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Rafael Grossi, head of the IAEA, travels to Ukraine and calls for the departure of Russian troops from nuclear power plants

The CEO of the International Atomic Energy Agency (IAEA), Argentine Rafael Grossi, called on Wednesday for the withdrawal of Russian troops from Ukrainian nuclear plants.

Grossi met on Wednesday with officials from the South Ukraine Nuclear Power Plant to discuss how the UN can help prevent an atomic accident in the country attacked by Russia.

Russian troops occupy the Ukrainian nuclear power plants at Chernobyl and Zaporizhia.

“This problem must be considered at various levels. Obviously, we hope that the ceasefire is close and that the negotiations between Ukraine and Russia contribute to peace,” said the Argentine diplomat.

According to the director of the IAEA, the situation experienced by the hijacking of nuclear power plants it is critical and infrequent: “No one will forget what is happening here,” he said.

“Representatives from many countries approached us with proposals to provide support through our organization,” he added.

According to the director of the IAEA, the situation that exists due to the hijacking of nuclear power plants is critical and infrequent. Photo: AP

Hours earlier on Twitter, Grossi had reported on his trip to Ukraine. “I am at the South Ukraine Nuclear Power Plant to meet with Ukrainian government officials and personnel, and to begin IAEA technical assistance for the safety of the country’s nuclear facilities.”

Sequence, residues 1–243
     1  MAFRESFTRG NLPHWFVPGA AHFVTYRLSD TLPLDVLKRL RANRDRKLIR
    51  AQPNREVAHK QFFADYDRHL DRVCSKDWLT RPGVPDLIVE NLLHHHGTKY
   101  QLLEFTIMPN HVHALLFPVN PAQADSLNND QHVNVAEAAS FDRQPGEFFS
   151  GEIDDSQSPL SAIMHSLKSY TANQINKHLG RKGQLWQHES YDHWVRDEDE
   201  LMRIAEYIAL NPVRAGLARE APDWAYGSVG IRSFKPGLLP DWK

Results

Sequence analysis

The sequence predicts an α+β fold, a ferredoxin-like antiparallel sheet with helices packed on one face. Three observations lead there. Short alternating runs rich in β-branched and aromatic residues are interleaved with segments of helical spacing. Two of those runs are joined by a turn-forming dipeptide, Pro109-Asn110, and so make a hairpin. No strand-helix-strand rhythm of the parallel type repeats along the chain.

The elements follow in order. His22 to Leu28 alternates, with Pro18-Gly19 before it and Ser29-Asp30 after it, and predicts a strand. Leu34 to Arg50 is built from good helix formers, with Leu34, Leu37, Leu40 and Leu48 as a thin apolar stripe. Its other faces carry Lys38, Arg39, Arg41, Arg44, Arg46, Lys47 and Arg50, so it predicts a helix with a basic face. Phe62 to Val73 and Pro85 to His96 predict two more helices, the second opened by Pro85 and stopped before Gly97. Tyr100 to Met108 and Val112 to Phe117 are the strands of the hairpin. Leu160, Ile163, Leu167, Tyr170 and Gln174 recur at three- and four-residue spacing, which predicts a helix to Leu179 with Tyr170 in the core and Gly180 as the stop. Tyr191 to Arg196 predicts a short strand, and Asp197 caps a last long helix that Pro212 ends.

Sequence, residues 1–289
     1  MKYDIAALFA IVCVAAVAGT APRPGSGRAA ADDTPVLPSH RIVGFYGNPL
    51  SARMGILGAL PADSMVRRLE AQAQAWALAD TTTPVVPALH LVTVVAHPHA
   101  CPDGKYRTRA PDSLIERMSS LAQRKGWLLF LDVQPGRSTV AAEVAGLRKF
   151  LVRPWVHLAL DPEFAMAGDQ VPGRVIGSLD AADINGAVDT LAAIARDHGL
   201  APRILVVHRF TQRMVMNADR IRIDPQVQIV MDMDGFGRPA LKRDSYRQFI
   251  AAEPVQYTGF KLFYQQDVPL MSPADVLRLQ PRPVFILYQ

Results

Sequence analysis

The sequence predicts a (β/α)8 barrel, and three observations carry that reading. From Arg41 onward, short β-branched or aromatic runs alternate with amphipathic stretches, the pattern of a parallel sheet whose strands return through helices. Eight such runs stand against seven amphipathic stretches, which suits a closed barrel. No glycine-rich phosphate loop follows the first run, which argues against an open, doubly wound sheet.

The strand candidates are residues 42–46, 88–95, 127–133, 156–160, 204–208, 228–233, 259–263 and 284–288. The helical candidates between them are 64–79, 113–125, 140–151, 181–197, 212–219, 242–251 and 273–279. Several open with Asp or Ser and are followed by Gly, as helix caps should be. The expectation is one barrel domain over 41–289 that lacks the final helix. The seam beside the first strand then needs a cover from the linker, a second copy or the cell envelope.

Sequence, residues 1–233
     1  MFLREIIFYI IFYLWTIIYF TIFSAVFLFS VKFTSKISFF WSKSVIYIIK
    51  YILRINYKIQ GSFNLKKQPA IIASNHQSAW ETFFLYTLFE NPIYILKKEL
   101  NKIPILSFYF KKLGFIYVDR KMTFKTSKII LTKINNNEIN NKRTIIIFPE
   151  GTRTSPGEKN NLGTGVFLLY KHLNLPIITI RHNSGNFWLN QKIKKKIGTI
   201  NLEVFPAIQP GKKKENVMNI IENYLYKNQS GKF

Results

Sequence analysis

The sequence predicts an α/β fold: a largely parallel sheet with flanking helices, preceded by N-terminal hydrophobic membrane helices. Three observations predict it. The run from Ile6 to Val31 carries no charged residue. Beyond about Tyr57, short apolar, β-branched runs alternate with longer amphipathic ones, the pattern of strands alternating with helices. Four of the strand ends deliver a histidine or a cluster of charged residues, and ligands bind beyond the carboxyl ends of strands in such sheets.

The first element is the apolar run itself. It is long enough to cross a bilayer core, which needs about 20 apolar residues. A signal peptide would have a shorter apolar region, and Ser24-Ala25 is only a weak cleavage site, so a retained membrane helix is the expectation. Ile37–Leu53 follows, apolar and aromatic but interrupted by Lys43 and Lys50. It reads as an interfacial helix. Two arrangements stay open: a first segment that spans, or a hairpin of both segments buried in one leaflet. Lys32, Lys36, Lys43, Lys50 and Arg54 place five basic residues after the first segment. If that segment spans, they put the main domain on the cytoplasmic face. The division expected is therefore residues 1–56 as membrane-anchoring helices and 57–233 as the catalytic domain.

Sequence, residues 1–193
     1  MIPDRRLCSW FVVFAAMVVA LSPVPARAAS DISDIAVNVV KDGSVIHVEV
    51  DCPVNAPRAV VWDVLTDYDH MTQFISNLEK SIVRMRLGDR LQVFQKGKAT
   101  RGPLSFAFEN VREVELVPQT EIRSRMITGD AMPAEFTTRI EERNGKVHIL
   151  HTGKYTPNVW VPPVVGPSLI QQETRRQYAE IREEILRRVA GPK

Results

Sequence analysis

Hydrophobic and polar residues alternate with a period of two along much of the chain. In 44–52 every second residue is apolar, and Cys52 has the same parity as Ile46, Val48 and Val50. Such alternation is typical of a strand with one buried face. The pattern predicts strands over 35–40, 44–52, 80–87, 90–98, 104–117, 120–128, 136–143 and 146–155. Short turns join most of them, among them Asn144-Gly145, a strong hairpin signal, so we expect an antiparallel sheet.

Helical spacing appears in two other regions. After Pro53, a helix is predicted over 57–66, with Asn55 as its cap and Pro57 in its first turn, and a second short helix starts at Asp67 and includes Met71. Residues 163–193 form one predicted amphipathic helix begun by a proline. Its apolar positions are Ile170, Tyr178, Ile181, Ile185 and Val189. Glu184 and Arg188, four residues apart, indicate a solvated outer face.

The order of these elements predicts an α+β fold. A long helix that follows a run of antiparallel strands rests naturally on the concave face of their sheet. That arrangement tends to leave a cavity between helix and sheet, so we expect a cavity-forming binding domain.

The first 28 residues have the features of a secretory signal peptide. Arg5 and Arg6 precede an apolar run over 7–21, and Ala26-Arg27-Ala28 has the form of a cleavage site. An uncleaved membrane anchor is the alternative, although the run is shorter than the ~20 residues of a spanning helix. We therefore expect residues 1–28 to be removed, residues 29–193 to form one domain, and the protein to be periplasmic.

In the brief message, the Argentine diplomat highlighted the importance of his trip to Ukraine in order to advance in the implementation of measures to secure the nuclear power plants of the attacked country, both the four operational ones and the Chernobyl one, which does not generate energy but contains important radioactive waste.

It is “vital to be on the ground to provide effective support to Ukraine in these extremely difficult times,” he said.

Grossi thanked the personnel who work at the plant he was visiting for their “resistance and recovery capacity” in the midst of the tense situation that the country is going through, immersed in a war since the Russian invasion on February 24.

“The staff of all Ukrainian nuclear facilities deserves all the respect and admiration for keeping facilities operating safely in the midst of conflict,” he said.

The IAEA – the entity of the UN system in charge of ensuring the peaceful use of atomic energy – claims to have prepared concrete plans on safety and security of nuclear facilities in Ukraine.

Grossi thanked the staff working at the plant he was visiting for their "resilience and resilience".  Photo: AP via IAEA

Grossi thanked the staff working at the plant he was visiting for their “resilience and resilience.” Photo: AP via IAEA

Fifteen reactors

The country has fifteen reactors in the four operating plants and also manages radioactive waste in Chernobyl, where in 1986 the largest nuclear accident in history occurred.

The UN nuclear agency has expressed on numerous occasions its great concern about the impact that the war may have on some of the country’s nuclear facilities.

The Russian troops that have invaded Ukraine control both Chernobyl and Zaporizhia, the largest nuclear power plant in Europe.

Those two facilities have suffered damage during the Russian attack and power outages that Ukrainian personnel were later able to repair.

EFE

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